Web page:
Its appetite for self-harm apparently undiminished by the Cambridge Analytica scandal, Facebook is again embroiled in a privacy controversy. The New York Times reports that despite an assurance given to US regulators in 2015 that it would not share user data without explicit permission, the company has been sharing data from users and their friends with about 60 hardware companies, manufacturers of devices like phones and tablets on which Facebook runs. About a third of these relationships appear to have ended, and no evidence has emerged of data misuse. This is not an enormity like the Cambridge Analytica fiasco, where Facebook data was piped out in bulk and used to target swing voters, with possible effects on election results and national sovereignty.
However, it does suggest that Facebook had not told the whole truth in the legislative investigation into its functioning. Besides, the defence that the company has offered is tailor-made to raise suspicions, and hackles. Stripped of legalese and technicalese, it boils down to an insincerity. Essentially, the social media giant is saying that it promised the authorities not to share data with third parties without permission. However, it does not consider the hardware manufacturers it contracted with as third parties, but as part of the Facebook ecosystem, and therefore there has been no violation. In a social context, a rough parallel would be to suggest that even if one had agreed not to divulge the secrets of an acquaintance to other acquaintances, it would be all right to divulge them to one’s mother-in-law, since she is a relation and not an acquaintance.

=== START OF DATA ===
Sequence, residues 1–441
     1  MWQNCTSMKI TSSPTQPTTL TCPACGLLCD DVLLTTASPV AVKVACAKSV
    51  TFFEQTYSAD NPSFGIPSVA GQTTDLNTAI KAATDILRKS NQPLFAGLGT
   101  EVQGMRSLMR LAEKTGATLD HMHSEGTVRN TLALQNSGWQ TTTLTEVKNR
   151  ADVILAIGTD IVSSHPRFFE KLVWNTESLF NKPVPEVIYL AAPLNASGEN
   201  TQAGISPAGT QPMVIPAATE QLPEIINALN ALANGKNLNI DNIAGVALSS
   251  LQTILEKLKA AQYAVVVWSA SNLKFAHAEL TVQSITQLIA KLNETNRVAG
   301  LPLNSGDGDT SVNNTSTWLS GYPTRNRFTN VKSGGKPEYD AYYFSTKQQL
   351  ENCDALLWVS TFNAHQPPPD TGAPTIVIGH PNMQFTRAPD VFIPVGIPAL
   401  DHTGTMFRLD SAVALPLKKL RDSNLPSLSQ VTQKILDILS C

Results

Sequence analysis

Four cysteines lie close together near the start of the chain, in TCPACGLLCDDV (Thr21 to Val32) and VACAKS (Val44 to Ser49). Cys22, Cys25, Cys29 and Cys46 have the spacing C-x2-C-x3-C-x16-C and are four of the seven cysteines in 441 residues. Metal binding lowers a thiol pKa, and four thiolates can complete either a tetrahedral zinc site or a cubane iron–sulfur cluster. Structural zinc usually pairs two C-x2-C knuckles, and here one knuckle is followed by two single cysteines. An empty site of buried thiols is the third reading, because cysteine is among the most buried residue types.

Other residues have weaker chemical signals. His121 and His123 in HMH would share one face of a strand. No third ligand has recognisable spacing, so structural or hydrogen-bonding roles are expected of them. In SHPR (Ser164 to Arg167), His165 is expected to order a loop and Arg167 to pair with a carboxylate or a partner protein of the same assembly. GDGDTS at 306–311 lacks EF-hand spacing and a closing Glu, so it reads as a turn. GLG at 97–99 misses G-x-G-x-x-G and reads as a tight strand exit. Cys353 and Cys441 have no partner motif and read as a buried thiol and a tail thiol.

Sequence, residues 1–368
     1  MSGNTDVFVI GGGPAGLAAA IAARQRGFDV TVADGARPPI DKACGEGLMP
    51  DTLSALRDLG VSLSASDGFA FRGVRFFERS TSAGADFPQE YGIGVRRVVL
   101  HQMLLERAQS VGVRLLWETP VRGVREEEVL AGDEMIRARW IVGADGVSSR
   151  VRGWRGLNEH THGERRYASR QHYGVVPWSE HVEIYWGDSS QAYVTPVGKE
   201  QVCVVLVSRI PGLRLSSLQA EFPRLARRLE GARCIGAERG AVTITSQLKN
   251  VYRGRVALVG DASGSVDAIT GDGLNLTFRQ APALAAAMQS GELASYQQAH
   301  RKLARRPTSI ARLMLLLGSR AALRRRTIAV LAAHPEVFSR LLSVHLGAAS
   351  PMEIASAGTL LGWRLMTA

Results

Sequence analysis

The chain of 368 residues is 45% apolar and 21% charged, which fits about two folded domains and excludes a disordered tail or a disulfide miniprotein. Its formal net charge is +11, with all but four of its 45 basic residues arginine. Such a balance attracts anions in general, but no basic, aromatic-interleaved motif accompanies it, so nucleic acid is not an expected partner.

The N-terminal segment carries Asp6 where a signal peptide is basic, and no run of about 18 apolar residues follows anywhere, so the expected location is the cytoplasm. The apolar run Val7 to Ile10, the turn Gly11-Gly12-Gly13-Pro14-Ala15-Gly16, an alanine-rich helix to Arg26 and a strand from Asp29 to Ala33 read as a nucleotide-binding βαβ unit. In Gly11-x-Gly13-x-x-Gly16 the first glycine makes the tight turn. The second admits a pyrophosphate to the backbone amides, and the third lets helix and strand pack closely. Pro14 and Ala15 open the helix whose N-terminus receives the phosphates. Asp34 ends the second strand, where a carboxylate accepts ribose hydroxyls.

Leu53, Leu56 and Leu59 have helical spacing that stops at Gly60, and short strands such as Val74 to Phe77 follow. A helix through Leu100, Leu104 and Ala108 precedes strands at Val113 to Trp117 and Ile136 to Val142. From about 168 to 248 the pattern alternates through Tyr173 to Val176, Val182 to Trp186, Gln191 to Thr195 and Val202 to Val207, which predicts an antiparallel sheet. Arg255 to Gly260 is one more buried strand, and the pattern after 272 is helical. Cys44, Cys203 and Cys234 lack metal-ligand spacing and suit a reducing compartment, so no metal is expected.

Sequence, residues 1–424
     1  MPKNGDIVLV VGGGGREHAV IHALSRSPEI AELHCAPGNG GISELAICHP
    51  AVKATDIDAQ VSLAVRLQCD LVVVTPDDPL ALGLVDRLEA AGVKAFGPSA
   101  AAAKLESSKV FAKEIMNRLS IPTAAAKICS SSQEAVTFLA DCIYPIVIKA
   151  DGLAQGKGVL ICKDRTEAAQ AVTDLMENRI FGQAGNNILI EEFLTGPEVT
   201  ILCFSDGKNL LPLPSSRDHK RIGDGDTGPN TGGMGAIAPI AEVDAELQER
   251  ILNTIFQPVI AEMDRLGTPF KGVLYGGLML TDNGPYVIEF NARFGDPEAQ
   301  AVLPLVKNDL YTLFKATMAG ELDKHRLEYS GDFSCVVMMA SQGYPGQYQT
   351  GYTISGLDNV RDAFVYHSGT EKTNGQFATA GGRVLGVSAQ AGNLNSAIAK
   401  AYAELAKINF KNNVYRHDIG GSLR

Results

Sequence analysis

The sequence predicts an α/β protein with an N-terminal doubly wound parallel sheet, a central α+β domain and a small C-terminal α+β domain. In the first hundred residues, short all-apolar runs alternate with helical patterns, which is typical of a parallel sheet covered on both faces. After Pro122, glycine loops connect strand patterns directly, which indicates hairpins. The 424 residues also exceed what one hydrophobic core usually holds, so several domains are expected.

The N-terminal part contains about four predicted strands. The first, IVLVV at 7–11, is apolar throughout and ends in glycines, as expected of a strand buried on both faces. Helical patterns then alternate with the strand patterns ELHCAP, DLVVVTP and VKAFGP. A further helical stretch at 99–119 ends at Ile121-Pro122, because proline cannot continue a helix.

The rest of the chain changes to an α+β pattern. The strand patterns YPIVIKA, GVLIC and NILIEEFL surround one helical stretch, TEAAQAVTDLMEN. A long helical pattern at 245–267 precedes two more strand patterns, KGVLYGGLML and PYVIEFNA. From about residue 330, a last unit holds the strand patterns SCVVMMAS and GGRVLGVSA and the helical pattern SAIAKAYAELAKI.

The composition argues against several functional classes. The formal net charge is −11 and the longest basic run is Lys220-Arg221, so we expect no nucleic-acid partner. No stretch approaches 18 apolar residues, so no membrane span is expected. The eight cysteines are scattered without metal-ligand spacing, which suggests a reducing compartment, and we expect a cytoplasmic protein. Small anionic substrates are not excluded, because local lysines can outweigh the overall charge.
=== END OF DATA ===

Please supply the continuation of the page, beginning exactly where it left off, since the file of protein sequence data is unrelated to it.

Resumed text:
Apart from incensing lawmakers, which could have serious consequences, this controversy again reduces the credibility of the social leader among users and the industry. In the US, younger people are reportedly moving away from Facebook to other social platforms, and Apple has just demonstrated improvements to its Safari browser which render visible attempts by social media to track users across the internet, and provide options to block them. The measures address all trackers, but the example used in the demo was Facebook. The significance of the choice was not lost on the industry. If this trend continues, Facebook could lose its market dominance owing to public and state suspicion and a broken business model. For the industry, though, that might not necessarily be a bad thing.